Jonathan Meres: 5 Tips for Writing from Experience
They say, ‘write what you know.’ (Whoever they are. But that’s a different story. And, quite possibly, a different blog.)
It doesn’t matter how ordinary, or seemingly mundane a memory is, you can still write about it
Well, I don’t know what it’s like to live with a dragon. Or a unicorn, or a wizard, or a vampire, for that matter. But I do know what it’s like to live with three boys, because I have three sons. Which is precisely why there are three brothers in my World of Norm series. Norm likes mountain biking; my boys and I like mountain biking. Norm and his brothers say stuff and do stuff. My sons say stuff and do stuff.
But in my latest book, Mint Choc Chip at the Market Café, I do something I’ve not really done before. I go way back, to a time when dinosaurs roamed the earth. OK, maybe not quite that far back. But the inspiration for this particular story comes from my own childhood. Back then, my dad had a market stall, selling fabric for people to make their own clothes. In fact, he had the stall for over 50 years! I know. Hard to imagine, isn’t it? But I can clearly remember accompanying him at weekends and during school holidays. It was quite a drive, to get there from where we lived. I used to help unload the car and set up. And when I wasn’t helping him (and, more than likely, making an absolute nuisance of myself) I’d go off, exploring the rest of the market. Just like my central character, nine-year-old Priya, does…
So, here are my top tips to help you use your own experience when you're writing stories:
Embrace the small stuff
It doesn’t matter how ordinary or seemingly mundane a memory or experience is, you can still write about it. In fact, the more ordinary and mundane, the better, I’d say. Even the tiniest little incident can snowball and escalate into something completely unexpected. So, don’t always go for the obvious. It’s not all about exciting escapades and swashbuckling adventures. Although, having said that, if your mum and dad happen to be pirates, go for it. And bearing that in mind...
Look at things from a different point of view from your own
Take a real-life incident. Something that has actually happened to you. No matter how normal, or boring, or uninteresting you might think it is. Happy or sad. Good or bad. It’s all part of life’s rich tapestry. (As they say.) Now write about it. Not from your own point of view, but from someone else’s. In other words, write in the 3rd person, not in the 1st person. This will help you to be more objective about it. In other words, you’ll be able to view it from the outside, looking in. You could even describe the incident in the style of a newspaper article, or blog.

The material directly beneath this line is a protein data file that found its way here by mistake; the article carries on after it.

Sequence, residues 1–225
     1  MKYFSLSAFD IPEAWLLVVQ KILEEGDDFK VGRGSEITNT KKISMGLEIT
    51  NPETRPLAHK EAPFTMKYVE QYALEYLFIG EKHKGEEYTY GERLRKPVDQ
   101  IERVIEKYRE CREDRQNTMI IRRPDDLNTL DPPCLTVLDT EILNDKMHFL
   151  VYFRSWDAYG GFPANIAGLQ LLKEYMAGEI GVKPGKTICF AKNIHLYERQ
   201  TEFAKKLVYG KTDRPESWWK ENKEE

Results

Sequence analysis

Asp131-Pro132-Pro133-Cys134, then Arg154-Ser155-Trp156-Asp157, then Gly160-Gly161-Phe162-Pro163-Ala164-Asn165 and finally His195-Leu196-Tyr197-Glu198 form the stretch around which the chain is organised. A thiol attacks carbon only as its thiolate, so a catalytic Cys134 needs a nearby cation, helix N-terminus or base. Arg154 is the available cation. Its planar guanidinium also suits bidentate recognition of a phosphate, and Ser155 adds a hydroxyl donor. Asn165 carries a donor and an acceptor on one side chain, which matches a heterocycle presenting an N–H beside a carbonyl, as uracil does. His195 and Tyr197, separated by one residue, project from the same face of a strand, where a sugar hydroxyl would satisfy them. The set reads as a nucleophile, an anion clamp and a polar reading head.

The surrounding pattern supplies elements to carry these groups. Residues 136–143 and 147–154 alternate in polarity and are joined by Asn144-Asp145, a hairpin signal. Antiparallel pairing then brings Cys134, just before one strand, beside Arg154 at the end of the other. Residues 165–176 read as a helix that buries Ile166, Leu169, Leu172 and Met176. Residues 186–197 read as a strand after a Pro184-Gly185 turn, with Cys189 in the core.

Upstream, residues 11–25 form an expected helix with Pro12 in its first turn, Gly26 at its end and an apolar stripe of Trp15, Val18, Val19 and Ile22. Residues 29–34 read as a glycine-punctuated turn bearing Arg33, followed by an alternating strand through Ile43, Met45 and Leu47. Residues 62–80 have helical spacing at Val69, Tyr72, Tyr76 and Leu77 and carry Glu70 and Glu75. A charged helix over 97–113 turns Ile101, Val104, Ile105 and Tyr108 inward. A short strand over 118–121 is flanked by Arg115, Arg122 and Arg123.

Write the way you want
If you’re stuck for ideas and can’t think what to write, why not talk to someone?
Don’t worry what other people are going to think when they read it. Write for yourself. The whole point is that this is your story, not theirs. Your experience, not theirs. No one is going to argue or take issue with you about it. They can’t just Google it to see if you got the facts right because there’s no right or wrong way of doing this. If you say it happened that way, it happened that way.
You don't need to be 100% faithful to what happened
It’s fine to use a little bit of artistic license here and there. In other words: don’t be afraid to occasionally embellish and exaggerate, for dramatic purposes. Traditional storytellers do that all the time. Stories evolve and change over the years. They’re like recipes. A recipe doesn’t just have one ingredient. If it did, it wouldn’t be a recipe. So, take a pinch of this and a pinch of that. Mix it all up. Have a little taste. Not quite right? Have another go. Still not right? Start again. Who cares?
Talk to someone else
In Mint Choc Chip at The Market Café, Priya loves talking to Nana-ji and hearing her stories about growing up in Mumbai. So, if you’re stuck for ideas and can’t think what to write, why not talk to someone? It doesn’t have to be a family member. It could be a friend. Or your friend’s mum or dad. It doesn’t matter. It might just trigger a memory of your own and set you on your way. What you actually choose to do with that memory? Well, that’s entirely up to you.
We have 3 signed copies of Mint Choc Chip at the Market Cafe to be won! To be in with a chance of winning one, just answer the question below. The competition closes on Friday December 1st 2017 at 5pm. All entrants must reside in the UK.
Question: what is the name of Jonathan's famous book series featuring Norm and his brothers?
Email your answers to firstname.lastname@example.org.
Mint Choc Chip at the Market Cafe by Jonathan Meres is out now, published by Barrington Stoke (£6.99).
Keen young scribblers can check out other tips from established authors in our Young Writers blog series. If you're looking for inspiring resources and case studies to help you plan creative writing projects in the classroom, why not have a browse through our resources section?
We have resource for various books by Jonathan - check them out here.